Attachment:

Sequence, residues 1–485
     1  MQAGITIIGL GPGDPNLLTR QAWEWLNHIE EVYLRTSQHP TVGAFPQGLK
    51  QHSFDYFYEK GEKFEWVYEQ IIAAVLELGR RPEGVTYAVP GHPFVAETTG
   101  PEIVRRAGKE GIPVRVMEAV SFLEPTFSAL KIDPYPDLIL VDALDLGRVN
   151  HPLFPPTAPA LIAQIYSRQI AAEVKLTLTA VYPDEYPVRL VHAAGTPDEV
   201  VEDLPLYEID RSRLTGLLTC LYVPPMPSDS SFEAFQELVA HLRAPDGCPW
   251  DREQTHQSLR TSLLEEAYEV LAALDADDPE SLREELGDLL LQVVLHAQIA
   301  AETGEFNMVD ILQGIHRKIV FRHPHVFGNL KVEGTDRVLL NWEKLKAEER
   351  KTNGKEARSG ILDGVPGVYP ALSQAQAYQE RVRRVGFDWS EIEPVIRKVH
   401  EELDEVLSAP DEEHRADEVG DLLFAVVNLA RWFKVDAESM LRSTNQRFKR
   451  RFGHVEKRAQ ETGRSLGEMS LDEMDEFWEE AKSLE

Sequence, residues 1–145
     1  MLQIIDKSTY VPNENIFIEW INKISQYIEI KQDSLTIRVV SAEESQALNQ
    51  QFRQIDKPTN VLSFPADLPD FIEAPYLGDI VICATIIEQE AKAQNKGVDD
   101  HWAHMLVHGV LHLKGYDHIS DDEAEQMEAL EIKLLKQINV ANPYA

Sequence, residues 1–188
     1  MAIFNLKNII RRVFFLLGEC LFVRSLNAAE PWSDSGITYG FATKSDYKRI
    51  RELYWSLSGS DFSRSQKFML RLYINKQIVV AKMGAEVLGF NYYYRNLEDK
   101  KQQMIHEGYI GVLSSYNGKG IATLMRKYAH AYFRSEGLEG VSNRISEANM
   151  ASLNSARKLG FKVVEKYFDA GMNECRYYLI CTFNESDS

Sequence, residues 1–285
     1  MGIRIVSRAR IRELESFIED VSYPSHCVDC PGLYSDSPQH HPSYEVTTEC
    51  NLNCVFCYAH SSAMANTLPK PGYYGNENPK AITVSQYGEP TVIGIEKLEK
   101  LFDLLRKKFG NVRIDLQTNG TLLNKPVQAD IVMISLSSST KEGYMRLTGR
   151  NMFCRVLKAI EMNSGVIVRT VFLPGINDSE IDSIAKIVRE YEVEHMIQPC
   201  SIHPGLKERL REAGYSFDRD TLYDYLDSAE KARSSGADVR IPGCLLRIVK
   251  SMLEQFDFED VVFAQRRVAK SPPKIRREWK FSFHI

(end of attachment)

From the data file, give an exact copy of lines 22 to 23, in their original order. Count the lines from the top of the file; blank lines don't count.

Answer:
     1  MGIRIVSRAR IRELESFIED VSYPSHCVDC PGLYSDSPQH HPSYEVTTEC
    51  NLNCVFCYAH SSAMANTLPK PGYYGNENPK AITVSQYGEP TVIGIEKLEK